CV and cover letter: I have a gap in my library work history, how do I talk about it? (In this case, it was to work in K-12 education)

  • This situation is easy to “spin” in a positive way. You chose to spend several years working in a profession that librarians value highly. Depending on the area of academic libraries that you want to work in, you probably built many skills that will support your librarianship—perhaps teaching skills, curriculum building, and so on. You’ll only need to discuss this in a sentence or two in your cover letters. Be sure to phrase it positively: You chose to pursue your interests in K-12 education through studies and work. Now you look forward to returning to academic libraries and applying skills that you’ve developed in multiple settings. You’ll have the chance to discuss this in more detail when you interview.
  • If there’s a period of time where you were not formally employed, whether you were caring for a family member, dealing with medical concerns, searching for work after a lay-off, or another scenario, that gap will show up on your CV or resume. Make sure that you address it in a sentence or two in your cover letters. You can mention your situation in more detail at interviews—but make sure to stick to a level of detail that you and your interviewer will both feel comfortable with. Stay as positive as you reasonably can.

Second master’s degree: Necessary? Not really necessary? Does this mean I’m overqualified? Should I emphasize my second degree?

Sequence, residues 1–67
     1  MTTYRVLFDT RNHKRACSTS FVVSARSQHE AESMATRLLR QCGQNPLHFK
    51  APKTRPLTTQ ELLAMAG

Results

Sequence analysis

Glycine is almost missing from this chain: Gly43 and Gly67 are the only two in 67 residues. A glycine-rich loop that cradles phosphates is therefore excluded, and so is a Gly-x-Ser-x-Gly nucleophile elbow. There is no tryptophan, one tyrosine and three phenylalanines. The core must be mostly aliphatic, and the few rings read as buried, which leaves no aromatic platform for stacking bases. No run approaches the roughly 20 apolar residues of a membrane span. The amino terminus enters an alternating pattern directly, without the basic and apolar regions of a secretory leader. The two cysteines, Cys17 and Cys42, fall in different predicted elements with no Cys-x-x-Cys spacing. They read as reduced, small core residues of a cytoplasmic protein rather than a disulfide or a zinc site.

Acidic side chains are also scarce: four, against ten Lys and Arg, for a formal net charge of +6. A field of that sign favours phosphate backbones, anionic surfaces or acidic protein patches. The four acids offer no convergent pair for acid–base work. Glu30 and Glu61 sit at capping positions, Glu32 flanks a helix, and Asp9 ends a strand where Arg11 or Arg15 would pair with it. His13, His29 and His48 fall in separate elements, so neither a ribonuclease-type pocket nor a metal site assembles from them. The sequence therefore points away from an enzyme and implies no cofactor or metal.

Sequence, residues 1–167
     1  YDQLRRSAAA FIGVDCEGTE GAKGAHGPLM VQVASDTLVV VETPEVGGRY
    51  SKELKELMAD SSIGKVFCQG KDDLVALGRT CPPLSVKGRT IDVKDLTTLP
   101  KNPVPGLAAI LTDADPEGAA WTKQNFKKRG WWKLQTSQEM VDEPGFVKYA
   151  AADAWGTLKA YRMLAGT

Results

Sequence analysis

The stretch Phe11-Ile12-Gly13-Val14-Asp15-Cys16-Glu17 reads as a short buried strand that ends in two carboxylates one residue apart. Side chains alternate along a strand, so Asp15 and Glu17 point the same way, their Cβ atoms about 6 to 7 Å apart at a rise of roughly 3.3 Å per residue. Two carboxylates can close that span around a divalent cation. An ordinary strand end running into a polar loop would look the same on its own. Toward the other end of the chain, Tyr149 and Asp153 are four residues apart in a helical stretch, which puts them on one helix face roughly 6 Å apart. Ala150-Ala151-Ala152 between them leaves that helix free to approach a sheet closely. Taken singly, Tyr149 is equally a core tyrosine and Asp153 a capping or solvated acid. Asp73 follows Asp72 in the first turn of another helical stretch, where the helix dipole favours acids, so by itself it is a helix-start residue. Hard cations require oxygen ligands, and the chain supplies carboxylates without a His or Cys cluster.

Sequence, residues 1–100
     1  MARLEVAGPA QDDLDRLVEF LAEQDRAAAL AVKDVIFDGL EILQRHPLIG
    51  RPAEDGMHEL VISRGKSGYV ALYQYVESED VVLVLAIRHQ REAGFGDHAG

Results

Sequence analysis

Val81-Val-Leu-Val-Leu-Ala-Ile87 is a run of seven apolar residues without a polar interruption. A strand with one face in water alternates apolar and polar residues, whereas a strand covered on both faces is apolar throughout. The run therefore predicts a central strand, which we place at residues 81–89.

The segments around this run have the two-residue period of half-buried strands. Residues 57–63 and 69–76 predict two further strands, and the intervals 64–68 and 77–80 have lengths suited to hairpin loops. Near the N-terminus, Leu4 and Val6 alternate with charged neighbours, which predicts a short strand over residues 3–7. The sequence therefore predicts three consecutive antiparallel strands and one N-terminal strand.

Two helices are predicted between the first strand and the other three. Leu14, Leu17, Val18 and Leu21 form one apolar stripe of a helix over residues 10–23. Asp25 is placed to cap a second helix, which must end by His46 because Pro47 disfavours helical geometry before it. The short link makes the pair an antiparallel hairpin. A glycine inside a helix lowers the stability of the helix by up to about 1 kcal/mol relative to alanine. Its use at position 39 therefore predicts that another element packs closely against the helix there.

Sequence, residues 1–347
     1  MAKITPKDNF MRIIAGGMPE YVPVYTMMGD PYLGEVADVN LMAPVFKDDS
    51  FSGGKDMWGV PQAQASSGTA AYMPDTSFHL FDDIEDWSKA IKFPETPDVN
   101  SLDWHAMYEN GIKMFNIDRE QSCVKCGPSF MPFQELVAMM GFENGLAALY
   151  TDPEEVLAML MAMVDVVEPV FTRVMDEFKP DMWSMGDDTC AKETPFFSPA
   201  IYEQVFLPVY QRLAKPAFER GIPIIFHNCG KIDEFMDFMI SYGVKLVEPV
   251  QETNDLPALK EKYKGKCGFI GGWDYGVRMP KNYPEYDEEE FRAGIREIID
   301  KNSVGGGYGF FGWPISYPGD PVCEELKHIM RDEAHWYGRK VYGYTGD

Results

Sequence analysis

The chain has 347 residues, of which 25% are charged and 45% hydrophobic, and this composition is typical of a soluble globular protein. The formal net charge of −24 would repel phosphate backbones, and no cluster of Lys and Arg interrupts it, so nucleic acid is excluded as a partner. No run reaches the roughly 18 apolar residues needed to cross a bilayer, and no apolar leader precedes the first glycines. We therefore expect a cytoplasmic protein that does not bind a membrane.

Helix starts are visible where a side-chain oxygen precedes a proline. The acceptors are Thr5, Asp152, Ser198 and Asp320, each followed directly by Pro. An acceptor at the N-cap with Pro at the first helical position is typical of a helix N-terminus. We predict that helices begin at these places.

• Oh, my goodness—one of the trickiest ongoing debates in academic libraries. Let’s address the easier parts first. I’m going to assume that we’re discussing positions where a second master’s is either preferred or not required. (If it is required, then it’s probably only worth applying if you do have that second master’s—though you can take a chance.)
  • Don’t worry about seeming overqualified due to a second master’s. If no second master’s is required but you have one, it will typically be seen as value added. You have extra expertise in a subject area, PLUS you have additional experience with graduate-level studies and research. Those experiences are worth emphasizing in an interview. Discuss the ways in which your research in the other field would help you to better support faculty and students. This will be true even if you’re interested in a subject specialist position in another field.
  • If you’ve earned your MLIS degree but don’t have another master’s degree, the choice is up to you. Whether candidates with an additional master’s degree are placed above you in a candidate pool depends on the nature of the jobs, as well as on that institution’s values.
  • Many articles and blog posting on this topic exist online. Try searching for “second master’s degree librarians” to find articles with a variety of perspectives. You may want to get more specific with your searching if you’re interested in a type of position that sometimes does require a second master’s.

Can one create their own internship, (i.e. get meaningful experience outside of library school program) and still call it an internship on one’s resume/ cv?

  • Many MLIS students create their own work experiences in one way or another. I did this myself—when I realized that I wanted to gain experience in collection development, I inquired in that department at the library where I was working. A librarian generously offered to train and supervise me in a project that we designed together. My advisor and I were able to arrange for me to receive course credit. Work experiences that you co-design can be incredibly valuable. And yes, you can often call them “internships.” One word of advice is that you should agree with your supervisor on exactly what you will call this work experience on your resume or CV. Regardless of what the two of you decide to call it, you don’t want someone who is serving as a reference for you to sound surprised at the beginning of a reference call.

How I can I use my background in teaching online to market myself for “in-person” instruction positions?